Like Pin, she raced in F4 UAE, but struggled to make an impact in her two weekends in the series.

Aston Martin-backed Tina Hausmann is lining up alongside Pin and Weug at Prema but will have her work cut out to match her two more experienced team-mates. It may well be a learning year for her before a potential title challenge in 2025.

One of the most exciting rookies is new Williams junior Lia Block, who became the youngest driver ever to win a major American rally championship when she claimed the Open 2WD title last year.

The 17-year-old - the daughter of the late Ken Block - begun her transition to single-seaters with a campaign in the winter Spanish F4 series (Formula Winter Series).

Her results compared to returnees Carrie Schreiner (Sauber-backed) and Bustamante (McLaren) suggest points will be the target this year, rather than podiums. But there's possibly huge potential for ART GP and Williams to unlock in Block.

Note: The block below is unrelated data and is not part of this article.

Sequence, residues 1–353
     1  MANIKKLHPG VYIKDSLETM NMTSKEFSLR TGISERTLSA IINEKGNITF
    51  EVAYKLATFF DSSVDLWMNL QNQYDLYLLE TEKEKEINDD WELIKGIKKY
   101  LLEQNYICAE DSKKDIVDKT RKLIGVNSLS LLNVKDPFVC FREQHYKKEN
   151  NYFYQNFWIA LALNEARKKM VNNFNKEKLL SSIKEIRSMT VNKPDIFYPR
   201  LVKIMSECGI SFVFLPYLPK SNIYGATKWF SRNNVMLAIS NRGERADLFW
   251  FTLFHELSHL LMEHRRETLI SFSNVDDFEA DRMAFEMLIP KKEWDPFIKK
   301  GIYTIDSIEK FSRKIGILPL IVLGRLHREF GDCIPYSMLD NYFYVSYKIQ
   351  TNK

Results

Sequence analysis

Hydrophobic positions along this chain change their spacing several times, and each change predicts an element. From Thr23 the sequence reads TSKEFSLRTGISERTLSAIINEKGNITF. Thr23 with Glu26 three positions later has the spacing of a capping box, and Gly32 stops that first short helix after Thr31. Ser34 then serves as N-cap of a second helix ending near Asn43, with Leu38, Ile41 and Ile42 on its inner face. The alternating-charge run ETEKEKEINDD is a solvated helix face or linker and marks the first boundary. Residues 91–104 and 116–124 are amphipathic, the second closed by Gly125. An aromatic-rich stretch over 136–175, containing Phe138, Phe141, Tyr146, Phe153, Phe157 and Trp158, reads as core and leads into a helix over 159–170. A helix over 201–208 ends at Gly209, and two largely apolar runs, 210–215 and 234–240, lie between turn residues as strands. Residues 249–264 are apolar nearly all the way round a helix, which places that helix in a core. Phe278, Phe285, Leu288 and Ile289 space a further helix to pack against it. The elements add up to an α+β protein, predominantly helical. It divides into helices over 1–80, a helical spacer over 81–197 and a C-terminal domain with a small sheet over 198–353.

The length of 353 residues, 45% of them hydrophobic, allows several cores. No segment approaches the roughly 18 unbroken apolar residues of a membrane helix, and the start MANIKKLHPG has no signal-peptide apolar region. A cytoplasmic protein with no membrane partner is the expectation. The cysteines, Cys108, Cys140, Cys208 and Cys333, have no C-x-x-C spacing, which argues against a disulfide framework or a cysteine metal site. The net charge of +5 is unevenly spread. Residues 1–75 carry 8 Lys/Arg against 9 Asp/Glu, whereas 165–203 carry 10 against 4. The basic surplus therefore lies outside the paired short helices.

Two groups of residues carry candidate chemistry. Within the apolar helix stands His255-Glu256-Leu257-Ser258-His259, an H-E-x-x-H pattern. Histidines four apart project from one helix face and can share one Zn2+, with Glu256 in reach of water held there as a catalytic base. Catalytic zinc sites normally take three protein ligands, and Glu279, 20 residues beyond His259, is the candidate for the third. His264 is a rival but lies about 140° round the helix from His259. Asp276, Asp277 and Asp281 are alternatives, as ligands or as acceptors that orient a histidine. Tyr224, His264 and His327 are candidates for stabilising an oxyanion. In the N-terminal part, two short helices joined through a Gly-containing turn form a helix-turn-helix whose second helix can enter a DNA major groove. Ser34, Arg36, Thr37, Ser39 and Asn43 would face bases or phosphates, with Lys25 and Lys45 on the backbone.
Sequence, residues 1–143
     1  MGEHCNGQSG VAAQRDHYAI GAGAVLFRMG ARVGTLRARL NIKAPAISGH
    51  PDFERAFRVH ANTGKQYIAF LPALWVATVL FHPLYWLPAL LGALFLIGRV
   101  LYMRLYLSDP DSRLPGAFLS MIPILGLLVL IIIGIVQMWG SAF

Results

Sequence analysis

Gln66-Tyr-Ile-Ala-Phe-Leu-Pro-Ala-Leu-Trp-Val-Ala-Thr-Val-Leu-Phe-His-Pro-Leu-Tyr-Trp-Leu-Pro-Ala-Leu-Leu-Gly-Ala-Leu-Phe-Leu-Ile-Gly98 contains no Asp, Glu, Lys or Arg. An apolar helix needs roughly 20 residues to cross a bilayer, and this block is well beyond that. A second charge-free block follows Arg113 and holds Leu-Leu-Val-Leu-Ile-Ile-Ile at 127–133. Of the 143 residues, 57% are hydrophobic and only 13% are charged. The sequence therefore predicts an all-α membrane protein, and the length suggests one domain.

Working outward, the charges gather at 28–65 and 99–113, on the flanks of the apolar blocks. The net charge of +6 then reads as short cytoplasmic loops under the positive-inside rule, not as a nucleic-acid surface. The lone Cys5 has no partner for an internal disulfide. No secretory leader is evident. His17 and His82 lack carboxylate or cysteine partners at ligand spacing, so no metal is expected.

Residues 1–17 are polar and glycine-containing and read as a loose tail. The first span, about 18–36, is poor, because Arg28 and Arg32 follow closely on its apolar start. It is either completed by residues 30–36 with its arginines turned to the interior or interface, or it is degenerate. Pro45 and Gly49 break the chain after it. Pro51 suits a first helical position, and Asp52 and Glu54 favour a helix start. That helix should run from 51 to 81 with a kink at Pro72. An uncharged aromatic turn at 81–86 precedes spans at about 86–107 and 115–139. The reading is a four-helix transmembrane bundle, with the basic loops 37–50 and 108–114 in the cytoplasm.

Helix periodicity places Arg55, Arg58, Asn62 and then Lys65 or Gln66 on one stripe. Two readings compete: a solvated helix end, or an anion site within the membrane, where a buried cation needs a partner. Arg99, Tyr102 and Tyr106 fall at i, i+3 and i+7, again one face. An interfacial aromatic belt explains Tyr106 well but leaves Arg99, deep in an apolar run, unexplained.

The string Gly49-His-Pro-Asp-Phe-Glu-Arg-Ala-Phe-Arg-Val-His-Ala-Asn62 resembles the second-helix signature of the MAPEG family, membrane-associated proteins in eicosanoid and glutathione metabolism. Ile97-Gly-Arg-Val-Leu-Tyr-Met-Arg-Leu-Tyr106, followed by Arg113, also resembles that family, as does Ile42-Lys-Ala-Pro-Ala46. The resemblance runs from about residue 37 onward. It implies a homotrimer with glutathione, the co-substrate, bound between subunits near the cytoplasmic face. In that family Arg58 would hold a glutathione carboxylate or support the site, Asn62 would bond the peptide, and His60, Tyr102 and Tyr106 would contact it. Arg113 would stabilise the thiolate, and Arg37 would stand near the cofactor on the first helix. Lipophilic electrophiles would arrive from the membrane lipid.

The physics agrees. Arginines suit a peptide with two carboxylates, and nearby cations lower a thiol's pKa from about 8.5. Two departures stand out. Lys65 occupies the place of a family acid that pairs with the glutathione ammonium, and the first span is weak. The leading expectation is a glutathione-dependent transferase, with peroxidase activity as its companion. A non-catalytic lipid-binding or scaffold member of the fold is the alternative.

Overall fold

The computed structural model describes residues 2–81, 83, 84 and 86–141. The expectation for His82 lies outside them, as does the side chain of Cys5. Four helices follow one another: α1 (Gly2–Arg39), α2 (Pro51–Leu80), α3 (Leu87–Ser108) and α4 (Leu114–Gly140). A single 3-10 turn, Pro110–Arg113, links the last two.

Haas F1 junior Chloe Chambers (Campos Racing) has already won a race in Formula Regional Oceania (previously the Toyota Racing Series) and should be far more successful than the one point she acquired in her sole W Series campaign in 2022.


New for 2024 are wildcard entries where F1 Academy and Prema can help support a one-off entry for a driver local to the region of that round.

For the Saudi Arabian GP this week, it's 32-year-old Reema Juffali who raced in the likes of British F4 and GB3 (previously British F3), and more recently competed in GT World Challenge Europe last year.

The series is yet to confirm any wildcards for its other rounds at Miami, Barcelona, Zandvoort, Singapore, Qatar and Abu Dhabi.

The progress of F1 Academy's first champion

A lot of eyes will be on the progress of F1 Academy's first-ever champion Garcia, who is stepping up to FRECA in 2024 with Prema.

Garcia's had a whirlwind of a career so far. She was signed and later dropped by Renault's F1 junior programme before returning to single-seaters in W Series in 2019, winning the fourth-ever race and finishing the year in fourth.

A troubled 2021 followed but she was back on form in 2022 and looked more complete than ever last year when she was the dominant F1 Academy champion, taking seven wins from 21 races.

Her three years in W Series should be particularly valuable to Garcia, who will join FRECA among the best-prepared rookies in the field and with defending champions Prema.